In execution, the Headshot’s buttons feel strikingly responsive. Although the manufacturer’s claims of a one millisecond response time couldn’t be substantiated or denied, we hoped to get a better assessment of input lag by collecting average times on the Human Benchmark Reaction Time test. After completing two batches of twenty test trials on three different mice, The Headshot came in first, narrowly besting a Logitech G500 gaming mouse. A4Tech supplies its own Mouse speed test, and while their mouse earned top honors again, the diagnostic app doesn’t divulge raw click response times, only a comparison with another mouse.
Whereas the Gun3 came with software on a mini-CD, Headshot owners must download the accompanying software, named Bloody3. Once the 17.2 MB file is acquired, installation is uncomplicated, with the application quickly identifying the mouse and installing the proper drivers. Like the Gun3, the Headshot operates in three different modes. Core 1 is intended for RPGs and RTS, permitting players to remap buttons, assign keys, and even assign functions for Microsoft Office. Core 2 maps the Headshot’s underwheel buttons into firing modes, allowing single, double, or 3-burst shots to be easily fired. One owner’s ante up $20 USD, they’ll be able to utilize the device’s third core. Here, gamers can program elaborate macros, while Bloody3’s Headshot component grants access to the recoil suppression feature. What’s more, players may adjust DPI on the fly and tweak the refresh rate of the mouse.
With a bit of tweaking, ARMA III’s M320R Long Range Rifle become especially fearsome, dropping a cluster of foes as quickly as new rounds can be chambered. Likewise, once Battlefield 3’s M16A4 was zeroed in to a specific distance, the Headshot correctly compensated for muzzle lift, allowing bursts to be fired with ruthless precision. Since the Bloody3 software does this by mimicking mouse movement, unless developers start scanning for the Headshot’s drivers, the advantage will go undetected. While we would encourage players to limit the benefit to single player games, undoubtedly a few unscrupulous players will use the feature in competitive advantages. For those of you hoping to swindle the system- know that the Headshot’s advantage is slight. Practice and skill remain the dominating factors of any match.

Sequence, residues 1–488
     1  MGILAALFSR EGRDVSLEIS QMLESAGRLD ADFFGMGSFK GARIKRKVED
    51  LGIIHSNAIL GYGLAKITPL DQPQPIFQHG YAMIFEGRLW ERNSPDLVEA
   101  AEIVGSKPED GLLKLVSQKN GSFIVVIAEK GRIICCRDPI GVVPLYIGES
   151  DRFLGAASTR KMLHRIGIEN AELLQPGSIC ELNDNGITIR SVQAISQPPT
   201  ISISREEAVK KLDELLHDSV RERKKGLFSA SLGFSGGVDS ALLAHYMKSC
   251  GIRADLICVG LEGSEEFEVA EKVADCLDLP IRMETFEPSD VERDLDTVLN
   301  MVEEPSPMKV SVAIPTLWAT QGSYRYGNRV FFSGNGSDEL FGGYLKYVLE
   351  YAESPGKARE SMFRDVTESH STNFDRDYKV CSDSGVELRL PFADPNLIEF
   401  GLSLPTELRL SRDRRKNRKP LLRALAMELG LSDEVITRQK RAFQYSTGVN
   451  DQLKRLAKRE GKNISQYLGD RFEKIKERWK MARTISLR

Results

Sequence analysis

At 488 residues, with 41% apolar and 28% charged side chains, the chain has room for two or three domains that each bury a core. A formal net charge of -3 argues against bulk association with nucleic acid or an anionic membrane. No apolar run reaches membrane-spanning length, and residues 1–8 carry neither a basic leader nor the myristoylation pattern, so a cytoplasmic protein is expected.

The Bloody Headshot Gaming Mouse blemishes are slight. Ideally, A4Tech would be forthright about the cost of the third core and they’ll issue additional updates for their recoil suppression feature. That said, the Headshot is an undeniable value- the $40 device outperforms mice that cost twice as much. Coupled with a robust build quality and a commitment to comfort, A4Tech’s peripheral should be considered by gamers who are serious about their leisure activities.
Still using that flimsy promotional mouse pad? A4Tech’s Crazy Fighter will change your mind. Available in three sizes, this premium accessory creates an ideal surface for frantic firefights. On the bottom, gamers will find a texturized rubber matting that keeps the pad secure. On top, the Crazy Fighters offer a smooth as silk fabric coating that not only accommodates optical or laser mice, but stubbornly repels liquids. With a red and black design that complements the Headshot, you’ll want to bundle this in with your new acquisition. Nicely, the pad rolls up neatly for transit.
Buttons: 7 keys + Wheel
Direction of wheel: one way direction
Tracking: Optical engine
Connection: USB (2.0/3.0)
Hardware requirements: PC
Software system requirements: Windows XP / Vista / Windows 7 / Windows 8
Mouse size: 125 x 64 x 39 (mm)
Cable length: 1.8 m
Mouse weight: 155 g
Resolution: 200 Dpi to 3,200Dpi (5 ranges adjustable)
Image processing: 368 mega pixels / sec
Tracking speed: 75 inches / sec
Report rate: 1,000 Hz(4 ranges adjustable)
Key response time: 1ms
160K onboard memory